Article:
Embracing the Dark Web as a Tool for Privacy and Anti-Censorship (Yale)

Open to The Yale Community

Much has been written about illegal activity that takes place on the Dark Web. Less is said about why the Dark Web came to be and the important role it plays in human rights work around the globe. As tracking Internet browsing and usage patterns becomes a common source of income for the people entrusted to provide us with access to vital resources, as threats to free speech and free press are on the rise and critical voices are stifled and censored, and as people around the world become more and more vulnerable to targeting based on political and personal associations, the Dark Web offers a way to protect us from unwarranted tracking, surveillance, and censorship on the Internet.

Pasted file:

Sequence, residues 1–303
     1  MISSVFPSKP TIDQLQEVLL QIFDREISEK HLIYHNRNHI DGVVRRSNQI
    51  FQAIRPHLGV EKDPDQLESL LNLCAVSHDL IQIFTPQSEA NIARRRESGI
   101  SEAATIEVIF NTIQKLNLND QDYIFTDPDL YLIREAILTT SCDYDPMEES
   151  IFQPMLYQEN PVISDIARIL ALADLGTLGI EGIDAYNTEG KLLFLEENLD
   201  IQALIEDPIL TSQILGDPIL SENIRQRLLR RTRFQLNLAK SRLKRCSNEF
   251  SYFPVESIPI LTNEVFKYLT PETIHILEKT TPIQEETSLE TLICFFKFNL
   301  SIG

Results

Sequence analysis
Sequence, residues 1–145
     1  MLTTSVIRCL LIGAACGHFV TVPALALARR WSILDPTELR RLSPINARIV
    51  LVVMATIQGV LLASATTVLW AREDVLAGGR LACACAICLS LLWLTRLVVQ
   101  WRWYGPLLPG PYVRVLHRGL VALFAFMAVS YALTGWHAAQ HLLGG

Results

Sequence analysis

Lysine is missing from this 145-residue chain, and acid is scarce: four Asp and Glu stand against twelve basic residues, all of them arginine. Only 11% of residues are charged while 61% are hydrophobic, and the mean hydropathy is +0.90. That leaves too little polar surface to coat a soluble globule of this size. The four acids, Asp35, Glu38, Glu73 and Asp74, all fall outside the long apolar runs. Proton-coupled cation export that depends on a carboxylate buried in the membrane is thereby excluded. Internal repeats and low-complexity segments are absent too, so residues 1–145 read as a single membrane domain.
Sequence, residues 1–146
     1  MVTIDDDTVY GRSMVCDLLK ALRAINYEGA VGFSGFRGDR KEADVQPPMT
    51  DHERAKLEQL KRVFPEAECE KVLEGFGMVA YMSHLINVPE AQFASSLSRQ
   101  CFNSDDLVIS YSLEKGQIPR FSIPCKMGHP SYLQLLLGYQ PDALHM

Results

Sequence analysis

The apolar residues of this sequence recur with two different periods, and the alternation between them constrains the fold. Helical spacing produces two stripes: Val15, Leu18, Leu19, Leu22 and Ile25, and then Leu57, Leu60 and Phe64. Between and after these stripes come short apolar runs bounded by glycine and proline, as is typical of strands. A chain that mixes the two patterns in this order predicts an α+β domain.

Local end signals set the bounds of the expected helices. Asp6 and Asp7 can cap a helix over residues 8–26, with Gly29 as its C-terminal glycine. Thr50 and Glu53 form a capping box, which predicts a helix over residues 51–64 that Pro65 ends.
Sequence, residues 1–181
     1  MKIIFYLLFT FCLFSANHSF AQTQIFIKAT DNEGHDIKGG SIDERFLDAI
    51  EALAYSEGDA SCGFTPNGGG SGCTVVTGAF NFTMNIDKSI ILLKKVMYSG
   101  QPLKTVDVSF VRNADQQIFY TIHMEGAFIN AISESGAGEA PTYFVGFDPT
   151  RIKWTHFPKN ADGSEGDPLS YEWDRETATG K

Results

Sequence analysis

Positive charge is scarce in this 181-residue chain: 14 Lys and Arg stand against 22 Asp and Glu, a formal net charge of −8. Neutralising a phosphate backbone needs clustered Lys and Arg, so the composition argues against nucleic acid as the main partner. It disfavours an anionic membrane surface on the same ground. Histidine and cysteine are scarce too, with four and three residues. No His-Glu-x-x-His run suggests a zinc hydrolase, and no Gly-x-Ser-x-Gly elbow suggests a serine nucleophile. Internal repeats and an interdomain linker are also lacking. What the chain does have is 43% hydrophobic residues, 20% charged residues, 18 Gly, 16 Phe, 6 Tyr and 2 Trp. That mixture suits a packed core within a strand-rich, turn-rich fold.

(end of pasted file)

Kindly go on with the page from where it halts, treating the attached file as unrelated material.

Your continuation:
This talk will discuss the history and purpose of Tor’s onion services, present insight into this misunderstood technology, and affirm its role as a tool for advancing basic human rights worldwide.

Shari Steele is the executive director of the Tor Project, a US-based nonprofit organization that provides the technical infrastructure for much of the internet freedom movement.  Before joining the Tor Project, Shari spent 15 years as executive director of the Electronic Frontier Foundation (EFF), the premiere civil liberties organization of the online world.  In her 25+ years fighting for digital rights, Shari has watched the internet grow from a military-centric network to the essential tool for communications and commerce that it is today.  Shari will be retiring at the end of 2018.

Sponsoring Organization(s)

ISP, Tech Soc